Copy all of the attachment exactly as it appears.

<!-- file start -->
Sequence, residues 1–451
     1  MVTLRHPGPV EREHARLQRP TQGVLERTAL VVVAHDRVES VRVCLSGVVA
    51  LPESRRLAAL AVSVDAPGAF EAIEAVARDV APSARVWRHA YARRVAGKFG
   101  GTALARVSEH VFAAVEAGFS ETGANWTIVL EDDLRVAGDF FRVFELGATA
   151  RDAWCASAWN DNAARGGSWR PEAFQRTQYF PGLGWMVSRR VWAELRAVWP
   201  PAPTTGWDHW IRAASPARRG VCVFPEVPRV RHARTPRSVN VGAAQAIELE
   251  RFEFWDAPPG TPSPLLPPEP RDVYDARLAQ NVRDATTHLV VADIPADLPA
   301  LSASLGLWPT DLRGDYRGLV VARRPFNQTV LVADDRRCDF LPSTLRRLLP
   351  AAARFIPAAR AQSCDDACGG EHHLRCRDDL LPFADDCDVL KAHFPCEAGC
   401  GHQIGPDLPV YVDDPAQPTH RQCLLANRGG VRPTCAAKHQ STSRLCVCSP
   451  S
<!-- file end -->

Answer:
Sequence, residues 1–451
     1  MVTLRHPGPV EREHARLQRP TQGVLERTAL VVVAHDRVES VRVCLSGVVA
    51  LPESRRLAAL AVSVDAPGAF EAIEAVARDV APSARVWRHA YARRVAGKFG
   101  GTALARVSEH VFAAVEAGFS ETGANWTIVL EDDLRVAGDF FRVFELGATA
   151  RDAWCASAWN DNAARGGSWR PEAFQRTQYF PGLGWMVSRR VWAELRAVWP
   201  PAPTTGWDHW IRAASPARRG VCVFPEVPRV RHARTPRSVN VGAAQAIELE
   251  RFEFWDAPPG TPSPLLPPEP RDVYDARLAQ NVRDATTHLV VADIPADLPA
   301  LSASLGLWPT DLRGDYRGLV VARRPFNQTV LVADDRRCDF LPSTLRRLLP
   351  AAARFIPAAR AQSCDDACGG EHHLRCRDDL LPFADDCDVL KAHFPCEAGC
   401  GHQIGPDLPV YVDDPAQPTH RQCLLANRGG VRPTCAAKHQ STSRLCVCSP
   451  S